A Tennessee court highlighted the split amongst circuit courts regarding the Dodd-Frank Act and its protections for whistleblowers.
On December 8, 2015, the Eastern District of Tennessee dismissed John S. Verble’s whistleblower claims, finding that Verble was not entitled to protection under the whistleblower provisions of the Dodd-Frank Act.
As described in Verble v. Morgan Stanley Smith Barney LLC et al., Verble was a financial advisor at Morgan Stanley who assisted the FBI in an investigation against the company as a confidential informant. The activities Verble was helping the FBI investigate included “fraud upon the government, fraud and wrongdoing in the securities industry, as well as fraud and wrongdoing in publically traded companies.”
In November 2012, a work colleague observed Verble meeting with FBI agents. In May 2013, Morgan Stanley had a contentious meeting with Verble, and placed him on “temporary leave”. In June of that year, Morgan Stanley terminated Verble’s employment.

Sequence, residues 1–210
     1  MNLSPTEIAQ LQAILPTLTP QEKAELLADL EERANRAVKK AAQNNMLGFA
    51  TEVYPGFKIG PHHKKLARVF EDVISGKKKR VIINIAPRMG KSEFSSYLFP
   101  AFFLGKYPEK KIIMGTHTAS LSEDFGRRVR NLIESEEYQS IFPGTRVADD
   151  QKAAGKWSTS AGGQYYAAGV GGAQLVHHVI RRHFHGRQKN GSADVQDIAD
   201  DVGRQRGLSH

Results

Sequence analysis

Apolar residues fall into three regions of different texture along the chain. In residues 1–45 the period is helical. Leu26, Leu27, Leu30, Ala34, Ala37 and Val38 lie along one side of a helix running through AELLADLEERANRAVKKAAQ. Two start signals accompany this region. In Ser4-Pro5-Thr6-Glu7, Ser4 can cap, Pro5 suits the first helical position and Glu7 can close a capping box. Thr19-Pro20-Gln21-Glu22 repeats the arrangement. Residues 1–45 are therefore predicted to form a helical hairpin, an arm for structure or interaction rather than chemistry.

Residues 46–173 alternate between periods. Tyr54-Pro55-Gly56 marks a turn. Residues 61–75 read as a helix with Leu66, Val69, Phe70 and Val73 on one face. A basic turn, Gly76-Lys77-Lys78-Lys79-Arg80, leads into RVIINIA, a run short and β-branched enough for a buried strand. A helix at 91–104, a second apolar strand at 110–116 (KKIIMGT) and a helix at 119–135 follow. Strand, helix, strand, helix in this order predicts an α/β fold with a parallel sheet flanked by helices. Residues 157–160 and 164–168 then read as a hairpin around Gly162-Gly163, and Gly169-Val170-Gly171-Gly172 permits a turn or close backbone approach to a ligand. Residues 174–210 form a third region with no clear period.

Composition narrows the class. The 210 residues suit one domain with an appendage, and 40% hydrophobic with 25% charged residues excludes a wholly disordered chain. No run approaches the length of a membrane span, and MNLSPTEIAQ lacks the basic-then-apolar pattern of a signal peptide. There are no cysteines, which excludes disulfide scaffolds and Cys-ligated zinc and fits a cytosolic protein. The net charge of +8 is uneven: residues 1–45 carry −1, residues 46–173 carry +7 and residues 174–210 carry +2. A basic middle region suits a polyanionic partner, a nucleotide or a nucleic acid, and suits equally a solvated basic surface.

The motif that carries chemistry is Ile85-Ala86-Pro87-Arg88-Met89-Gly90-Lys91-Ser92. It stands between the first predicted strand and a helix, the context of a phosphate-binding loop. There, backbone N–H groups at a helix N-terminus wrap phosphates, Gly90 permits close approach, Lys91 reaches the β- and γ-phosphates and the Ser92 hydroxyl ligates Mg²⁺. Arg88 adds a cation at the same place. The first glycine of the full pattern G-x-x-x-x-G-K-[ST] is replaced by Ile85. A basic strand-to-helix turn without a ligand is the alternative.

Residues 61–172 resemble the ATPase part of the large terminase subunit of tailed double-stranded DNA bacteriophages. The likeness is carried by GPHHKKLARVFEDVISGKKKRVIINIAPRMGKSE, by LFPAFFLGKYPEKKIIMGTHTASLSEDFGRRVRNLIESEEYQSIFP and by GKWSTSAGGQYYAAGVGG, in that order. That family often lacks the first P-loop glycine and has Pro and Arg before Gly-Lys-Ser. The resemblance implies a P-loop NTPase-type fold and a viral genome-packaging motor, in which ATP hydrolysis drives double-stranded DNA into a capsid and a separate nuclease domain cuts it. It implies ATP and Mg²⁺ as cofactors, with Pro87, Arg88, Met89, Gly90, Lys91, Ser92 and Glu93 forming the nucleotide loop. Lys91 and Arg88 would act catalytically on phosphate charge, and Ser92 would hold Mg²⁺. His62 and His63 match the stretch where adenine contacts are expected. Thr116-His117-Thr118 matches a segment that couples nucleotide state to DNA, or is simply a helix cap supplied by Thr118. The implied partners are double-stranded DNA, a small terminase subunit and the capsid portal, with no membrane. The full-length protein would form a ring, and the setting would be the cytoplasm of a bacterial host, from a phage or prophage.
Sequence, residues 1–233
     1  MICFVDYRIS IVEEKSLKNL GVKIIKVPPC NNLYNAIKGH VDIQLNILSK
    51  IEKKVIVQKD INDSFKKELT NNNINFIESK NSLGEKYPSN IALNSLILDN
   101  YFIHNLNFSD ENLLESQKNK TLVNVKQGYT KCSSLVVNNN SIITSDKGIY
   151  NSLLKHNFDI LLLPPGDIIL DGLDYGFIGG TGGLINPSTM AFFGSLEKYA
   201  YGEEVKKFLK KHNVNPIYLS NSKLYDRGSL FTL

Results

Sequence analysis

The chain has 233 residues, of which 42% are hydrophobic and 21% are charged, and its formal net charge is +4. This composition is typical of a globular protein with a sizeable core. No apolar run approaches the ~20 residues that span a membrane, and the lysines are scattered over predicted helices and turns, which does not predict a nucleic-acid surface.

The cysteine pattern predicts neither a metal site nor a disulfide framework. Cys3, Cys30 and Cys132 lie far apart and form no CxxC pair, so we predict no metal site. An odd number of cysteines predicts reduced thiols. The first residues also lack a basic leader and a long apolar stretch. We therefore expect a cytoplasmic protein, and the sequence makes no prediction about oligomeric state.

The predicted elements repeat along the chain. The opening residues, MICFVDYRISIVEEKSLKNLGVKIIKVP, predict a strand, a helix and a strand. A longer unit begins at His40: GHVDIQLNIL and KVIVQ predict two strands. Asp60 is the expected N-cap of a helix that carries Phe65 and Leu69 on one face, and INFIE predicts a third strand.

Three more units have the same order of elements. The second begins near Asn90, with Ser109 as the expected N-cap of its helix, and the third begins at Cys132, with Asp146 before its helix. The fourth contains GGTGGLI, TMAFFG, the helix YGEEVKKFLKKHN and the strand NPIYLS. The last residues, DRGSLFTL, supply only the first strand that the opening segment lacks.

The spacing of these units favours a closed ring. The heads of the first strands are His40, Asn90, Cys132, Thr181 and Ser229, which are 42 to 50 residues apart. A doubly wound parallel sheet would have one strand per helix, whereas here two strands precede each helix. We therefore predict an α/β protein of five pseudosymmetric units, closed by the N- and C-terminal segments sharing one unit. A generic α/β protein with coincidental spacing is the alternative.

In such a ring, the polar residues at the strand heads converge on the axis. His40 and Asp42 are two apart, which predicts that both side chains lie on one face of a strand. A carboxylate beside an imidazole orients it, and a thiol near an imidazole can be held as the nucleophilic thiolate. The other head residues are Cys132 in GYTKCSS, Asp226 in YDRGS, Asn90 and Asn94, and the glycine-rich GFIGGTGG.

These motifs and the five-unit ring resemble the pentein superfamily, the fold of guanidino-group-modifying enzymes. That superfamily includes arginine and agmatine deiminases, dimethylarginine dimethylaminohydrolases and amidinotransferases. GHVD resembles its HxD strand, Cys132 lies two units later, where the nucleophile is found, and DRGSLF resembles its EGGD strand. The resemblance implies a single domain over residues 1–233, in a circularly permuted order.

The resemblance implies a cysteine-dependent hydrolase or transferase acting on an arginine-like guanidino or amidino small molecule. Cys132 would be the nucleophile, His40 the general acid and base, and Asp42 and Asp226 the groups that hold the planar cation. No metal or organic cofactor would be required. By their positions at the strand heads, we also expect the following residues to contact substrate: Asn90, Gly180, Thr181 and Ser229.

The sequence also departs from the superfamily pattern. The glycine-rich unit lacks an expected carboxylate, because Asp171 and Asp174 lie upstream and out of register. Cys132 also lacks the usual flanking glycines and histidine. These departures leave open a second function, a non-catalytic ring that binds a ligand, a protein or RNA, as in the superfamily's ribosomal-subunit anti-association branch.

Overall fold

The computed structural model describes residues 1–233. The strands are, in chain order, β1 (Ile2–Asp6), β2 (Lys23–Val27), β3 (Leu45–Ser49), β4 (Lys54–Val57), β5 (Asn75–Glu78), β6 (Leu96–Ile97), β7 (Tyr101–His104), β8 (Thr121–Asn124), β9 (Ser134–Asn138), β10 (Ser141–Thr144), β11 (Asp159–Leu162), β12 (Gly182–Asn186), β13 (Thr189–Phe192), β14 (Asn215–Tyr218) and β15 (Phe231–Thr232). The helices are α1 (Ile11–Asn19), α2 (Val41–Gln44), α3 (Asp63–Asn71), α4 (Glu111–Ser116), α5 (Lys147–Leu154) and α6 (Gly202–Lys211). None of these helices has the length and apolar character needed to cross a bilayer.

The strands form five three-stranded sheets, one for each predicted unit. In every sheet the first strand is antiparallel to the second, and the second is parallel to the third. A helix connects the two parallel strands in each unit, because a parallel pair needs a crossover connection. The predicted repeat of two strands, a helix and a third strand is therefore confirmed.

Verble then filed his claim for whistleblower retaliation under 15 U.S.C. § 78u-6, a section of the Dodd-Frank Act that provides for “Protection of whistleblowers” and, more specifically, “Protection against retaliation.”
The Court held that, because Verble gave his information to the FBI and not to the Securities and Exchange (SEC) Committee, he was not entitled to the protection for whistleblowers under Dodd-Frank.
The ruling is discouraging, partly because of the narrowness of its scope and partly because it penalizes employees who do the right thing by reporting violations if they don’t report those violations to the “right” governmental agency.
What this ruling in Verble v. Morgan Stanley Smith Barney LLC et al. definitely points out is the necessity for whistleblowers to protect themselves by knowing their legal rights before they put themselves at risk.
Potential whistleblowers should not be dissuaded from speaking up when they know about fraud and wrongdoing. At the same time, they should definitely consult with an expert whistleblower attorney before they inadvertently lose their rights.